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The sun and moon travel through the sky

March 8, 2011
BY AILEEN O'DONOGHUE

The rapid lengthening of the days makes it clear that, however long the winters may seem in the Adirondacks, spring is inevitable.

On Sunday, March 20 at 7:21 p.m. EDT, the sun will pass over Earth's equator to shine again on the northern hemisphere after its southern winter journey. The sun doesn't actually move relative to Earth, of course, but Earth moves into the part of its orbit where the northern hemisphere is tilted toward the sun. If Earth's axis were perpendicular to its orbit, the sun would always shine on the equator. But the axis is 23.5 degrees shy of that, so the sun's path, the ecliptic, is tilted 23.5 degrees from the celestial equator, the projection of Earth's equator onto the sky.

If you were to stand on the east-west line marked at the Mitad del Mundo (middle of the world) in Quito, Ecuador (at zero degrees N), the celestial equator would arc up from the east point on the horizon, through the zenith directly overhead, to the west point. If you then started walking north, the plane of the celestial equator would stay attached to the east and west points on the horizon, but tilt southward at an angle equal to your latitude. If you were to stand on the north (or south) pole, the plane of the celestial equator would lie on the horizon.

In the Adirondacks, the plane of the celestial equator is tilted almost 45 degrees southward from the zenith. To trace it on the sky, scribe a circle from due east to due west that passes through Mintaka, the right-most star in the belt of Orion that's a quarter of a degree south of the celestial equator. This is a good night to do it since Mintaka will transit cross the north-south meridian and be at its highest point for the night at 6:24 p.m. Though the turning seasons will take Mintaka from the night sky, the celestial equator always remains in the same position. If Earth had rings like Saturn, we would always see them there.

The ecliptic crosses the celestial equator at the equinoxes. Jupiter has been close to the vernal equinox throughout the winter as the sun has been moving toward it along the ecliptic at about 1 degree per day. It is now so close that the vernal equinox hovers just above the western horizon at sunset for these last days of winter.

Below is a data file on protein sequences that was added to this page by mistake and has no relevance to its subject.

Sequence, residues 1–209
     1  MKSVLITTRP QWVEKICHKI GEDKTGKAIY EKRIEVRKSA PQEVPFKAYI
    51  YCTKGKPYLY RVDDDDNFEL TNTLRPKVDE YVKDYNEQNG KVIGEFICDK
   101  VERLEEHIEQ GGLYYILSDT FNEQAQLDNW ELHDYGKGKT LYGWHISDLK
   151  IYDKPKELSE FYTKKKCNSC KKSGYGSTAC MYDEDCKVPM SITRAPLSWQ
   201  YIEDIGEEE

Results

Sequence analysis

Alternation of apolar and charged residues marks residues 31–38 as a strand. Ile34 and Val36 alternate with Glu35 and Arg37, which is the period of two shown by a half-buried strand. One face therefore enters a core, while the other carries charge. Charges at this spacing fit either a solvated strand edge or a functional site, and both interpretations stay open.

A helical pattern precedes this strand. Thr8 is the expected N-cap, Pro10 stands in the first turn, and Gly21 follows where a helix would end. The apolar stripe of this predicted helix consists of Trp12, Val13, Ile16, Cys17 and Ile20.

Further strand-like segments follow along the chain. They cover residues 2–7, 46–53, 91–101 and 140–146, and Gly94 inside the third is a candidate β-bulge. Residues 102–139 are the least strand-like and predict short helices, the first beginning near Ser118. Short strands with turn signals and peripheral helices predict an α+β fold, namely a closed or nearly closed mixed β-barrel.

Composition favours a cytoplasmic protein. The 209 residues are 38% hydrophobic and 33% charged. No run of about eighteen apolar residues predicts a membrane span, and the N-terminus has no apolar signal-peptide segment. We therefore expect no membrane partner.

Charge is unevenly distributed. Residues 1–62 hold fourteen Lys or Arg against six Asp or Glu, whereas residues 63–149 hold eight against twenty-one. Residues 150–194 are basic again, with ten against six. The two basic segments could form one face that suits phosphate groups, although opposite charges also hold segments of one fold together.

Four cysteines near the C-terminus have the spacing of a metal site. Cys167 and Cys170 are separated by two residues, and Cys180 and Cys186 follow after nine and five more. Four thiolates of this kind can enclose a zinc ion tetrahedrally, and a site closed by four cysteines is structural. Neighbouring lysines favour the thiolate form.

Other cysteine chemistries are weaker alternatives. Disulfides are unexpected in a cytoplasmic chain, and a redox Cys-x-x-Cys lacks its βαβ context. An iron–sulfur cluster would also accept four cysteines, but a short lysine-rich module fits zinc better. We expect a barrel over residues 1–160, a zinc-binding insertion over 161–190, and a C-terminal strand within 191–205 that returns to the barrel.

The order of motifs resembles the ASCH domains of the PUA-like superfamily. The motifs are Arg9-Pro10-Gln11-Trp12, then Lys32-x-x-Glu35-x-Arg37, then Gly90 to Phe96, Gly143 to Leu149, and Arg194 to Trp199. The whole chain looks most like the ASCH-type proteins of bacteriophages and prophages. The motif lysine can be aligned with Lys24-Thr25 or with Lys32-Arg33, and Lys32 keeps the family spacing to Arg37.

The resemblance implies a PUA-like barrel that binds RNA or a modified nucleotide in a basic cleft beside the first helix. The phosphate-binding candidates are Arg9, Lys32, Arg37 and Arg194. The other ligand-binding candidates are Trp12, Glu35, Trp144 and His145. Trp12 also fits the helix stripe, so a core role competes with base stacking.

The diagram shows that Mercury has risen into the evening sky after swinging around the far side of the sun and will pass close to the vernal equinox tonight. Tomorrow night it will be slightly above the vernal equinox and half a degree above Uranus, which has moved a mere 3 degrees eastward since November, whereas Jupiter has moved 15-and-a-half degrees. (Your little finger held at arm's length is about 1 degree wide; your fist at arm's length is about 10 degrees.)

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If you have a low western horizon and good binoculars or a small telescope, Mercury can guide you to a last glimpse of Uranus before it is lost in the sun's glare. They set a mere hour after sunset, though, so the twilight will provide a challenge. On March 15, Mercury and Jupiter will be within 2 degrees. They'll only be 12 degrees above the horizon at sunset, but both are bright and set almost an hour-and-a-half after the sun. Thus, observers with low horizons have a good chance of spotting them.

A challenge many observers seek is the young moon, and this is the best time of year to see one. The new moon occurred on Friday, March 4 at 3:46 p.m. As it has continued on its orbit, it has moved to the east (left) of the sun into the evening sky. This motion slowly allows us to see more and more of the sunlit side of the moon. (To see how this works, face a bright light and move an orange around your head to the left. To see the "full orange," make sure your head doesn't eclipse the light!)

As shown in the diagram, the moon moves generally along the ecliptic. (Its orbit is tilted a little more than 5 degrees from Earth's.) In the spring, the ecliptic is at its steepest angle relative to the evening horizon, so the waxing moon's motion takes it rapidly away from the horizon. The moon must be at least 7 degrees from the sun for any of the sunlit side to be visible; thus, the youngest moon that could possibly be seen would be nearly half a day old. Indeed, Mohsen Mirsaeed of Tehran is credited with sighting a mere 11-hour, 40-minute-old moon with optical aid. The youngest moon seen with an unaided eye was 15 hours, 32 minutes old, as spotted by Stephen O'Meara in May 1990, according to Sky & Telescope. On Saturday, March 5, the 26-hour-old crescent was spotted in North America, according to moonsighting.com.

The sighting of the crescent moon marks the start of the month in the Islamic and Hebrew calendars. Though calculations of when it's visible are quite accurate, moon sighting is still an important activity. During a year I spent in Tucson, we had a group of 20 or so who would gather on a mountain pass west of the city to look for the young moon. When it was spotted, one man would greet it by blowing his shofar (ram's horn) to mark the new month.

The best chance for sighting a young moon will occur for us on April 4, after the new moon at 10:30 a.m. on April 3. Look for it around 7 p.m. (half an hour after sunset) a mere 10 degrees above the horizon. It's easier to see it first in binoculars, then with your eye.

Whether or not you're successful with the moon, turn to the east to spot Saturn, at opposition (opposite the sun in our sky), rising as the sun sets!

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If you have any questions about astronomy, visit the Adirondack Public Observatory website at apobservatory.org or e-mail Aileen at aodonoghue@stlawu.edu.

 
 

 

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